One of the basic premises of the theory of syntax is that clause structures can be minimally identified as containing a verb phrase, playing the role of predicate, and a noun phrase, playing the role of subject. In this study Andrea Moro identifies a new category of copular sentences, namely inverse copular sentences, where the noun phrase which co-occurs with the verb phrase plays the role of predicate, occupying the position which is canonically reserved for subjects, and the subject is embedded in the verb phrase. The consequences of such a discovery are pervasive. Four distinct areas of syntax are unified into a unique natural class. Along with inverse copular sentences, existential sentences, sentences with seem and unaccusative constructions are analysed as involving the raising of a predicative noun phrase to the most prominent position in the clause structure. In addition, new light is shed on some classical issues such as the distribution and nature of expletives, locality theory, cliticization phenomena, possessive constructions, and the cross-linguistic variations of the Definiteness Effect.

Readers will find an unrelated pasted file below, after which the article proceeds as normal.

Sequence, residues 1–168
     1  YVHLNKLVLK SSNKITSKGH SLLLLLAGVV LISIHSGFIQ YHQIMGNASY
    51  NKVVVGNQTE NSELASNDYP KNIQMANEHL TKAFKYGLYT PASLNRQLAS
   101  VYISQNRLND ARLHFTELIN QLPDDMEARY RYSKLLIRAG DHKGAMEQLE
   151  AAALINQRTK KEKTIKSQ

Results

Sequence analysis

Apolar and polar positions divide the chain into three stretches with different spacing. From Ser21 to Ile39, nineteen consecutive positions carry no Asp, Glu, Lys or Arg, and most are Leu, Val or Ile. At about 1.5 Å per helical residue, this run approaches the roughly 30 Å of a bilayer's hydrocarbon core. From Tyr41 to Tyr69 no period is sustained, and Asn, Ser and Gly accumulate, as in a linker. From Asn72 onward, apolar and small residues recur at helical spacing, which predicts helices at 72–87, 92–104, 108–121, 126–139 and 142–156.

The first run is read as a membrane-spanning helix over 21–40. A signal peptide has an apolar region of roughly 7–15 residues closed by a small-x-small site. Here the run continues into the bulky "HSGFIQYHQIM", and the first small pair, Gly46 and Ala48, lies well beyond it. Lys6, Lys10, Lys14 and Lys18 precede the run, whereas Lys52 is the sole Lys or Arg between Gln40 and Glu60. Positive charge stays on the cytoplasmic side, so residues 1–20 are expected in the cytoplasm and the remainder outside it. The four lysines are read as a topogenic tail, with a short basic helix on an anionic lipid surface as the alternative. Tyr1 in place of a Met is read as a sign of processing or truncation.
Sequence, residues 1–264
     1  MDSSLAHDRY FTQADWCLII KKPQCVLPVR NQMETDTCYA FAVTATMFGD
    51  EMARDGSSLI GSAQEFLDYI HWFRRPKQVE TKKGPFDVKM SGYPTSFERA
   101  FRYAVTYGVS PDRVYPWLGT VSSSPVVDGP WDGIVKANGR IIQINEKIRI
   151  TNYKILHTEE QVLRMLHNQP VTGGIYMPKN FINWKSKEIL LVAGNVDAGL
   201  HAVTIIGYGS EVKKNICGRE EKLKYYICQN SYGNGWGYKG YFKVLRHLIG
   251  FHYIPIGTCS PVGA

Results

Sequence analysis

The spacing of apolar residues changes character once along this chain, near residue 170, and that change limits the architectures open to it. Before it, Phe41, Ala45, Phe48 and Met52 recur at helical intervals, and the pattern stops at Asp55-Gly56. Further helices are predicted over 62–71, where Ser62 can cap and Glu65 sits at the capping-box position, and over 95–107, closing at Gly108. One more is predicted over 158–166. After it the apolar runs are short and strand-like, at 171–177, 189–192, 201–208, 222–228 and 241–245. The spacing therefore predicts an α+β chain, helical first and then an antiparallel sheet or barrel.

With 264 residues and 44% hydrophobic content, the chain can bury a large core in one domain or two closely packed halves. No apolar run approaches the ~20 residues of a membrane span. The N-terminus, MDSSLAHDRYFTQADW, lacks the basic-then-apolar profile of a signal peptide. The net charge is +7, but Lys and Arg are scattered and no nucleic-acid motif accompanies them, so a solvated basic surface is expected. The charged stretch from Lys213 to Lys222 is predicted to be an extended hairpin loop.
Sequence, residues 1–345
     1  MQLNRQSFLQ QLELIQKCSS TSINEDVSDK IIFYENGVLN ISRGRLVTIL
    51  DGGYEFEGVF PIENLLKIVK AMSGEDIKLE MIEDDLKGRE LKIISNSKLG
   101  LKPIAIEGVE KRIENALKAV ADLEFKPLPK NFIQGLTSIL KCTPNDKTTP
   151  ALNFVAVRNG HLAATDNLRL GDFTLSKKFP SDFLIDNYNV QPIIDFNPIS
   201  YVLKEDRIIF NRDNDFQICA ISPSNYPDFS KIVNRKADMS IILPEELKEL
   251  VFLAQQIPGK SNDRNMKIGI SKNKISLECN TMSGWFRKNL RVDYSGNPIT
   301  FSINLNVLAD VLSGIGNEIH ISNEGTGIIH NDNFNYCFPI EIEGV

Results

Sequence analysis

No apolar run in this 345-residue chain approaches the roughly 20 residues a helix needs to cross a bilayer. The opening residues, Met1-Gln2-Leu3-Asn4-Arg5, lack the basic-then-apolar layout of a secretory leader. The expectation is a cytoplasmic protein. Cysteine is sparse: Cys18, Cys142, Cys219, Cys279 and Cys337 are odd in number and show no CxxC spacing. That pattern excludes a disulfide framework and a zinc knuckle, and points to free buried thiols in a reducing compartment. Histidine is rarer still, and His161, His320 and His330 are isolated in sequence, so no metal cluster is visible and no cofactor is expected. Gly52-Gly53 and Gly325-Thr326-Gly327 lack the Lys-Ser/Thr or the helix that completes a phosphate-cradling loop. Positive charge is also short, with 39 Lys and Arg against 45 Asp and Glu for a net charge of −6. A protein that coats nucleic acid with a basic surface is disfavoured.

• The only study which looks specifically at copular and related constructions • Identifies a new category of copular sentences • Useful appendix traces the history of the copula from its origin up to modern frameworks
Acknowledgments; Introduction: four apparently unrelated empirical domains; 1. The anomaly of copular sentences: the raising of predicates; 2. The syntax of ci; 3. Are there parameters in semantics? The defining properties of existential sentences; 4. The 'quasi-copula': on the role of finite clauses in seem-sentences; 5. A view beyond: unaccusativity as an epiphenomenon; Appendix; Notes; References; Index.
'… an illuminating theory of predicate nominal and other copular constructions.' Noam Chomsky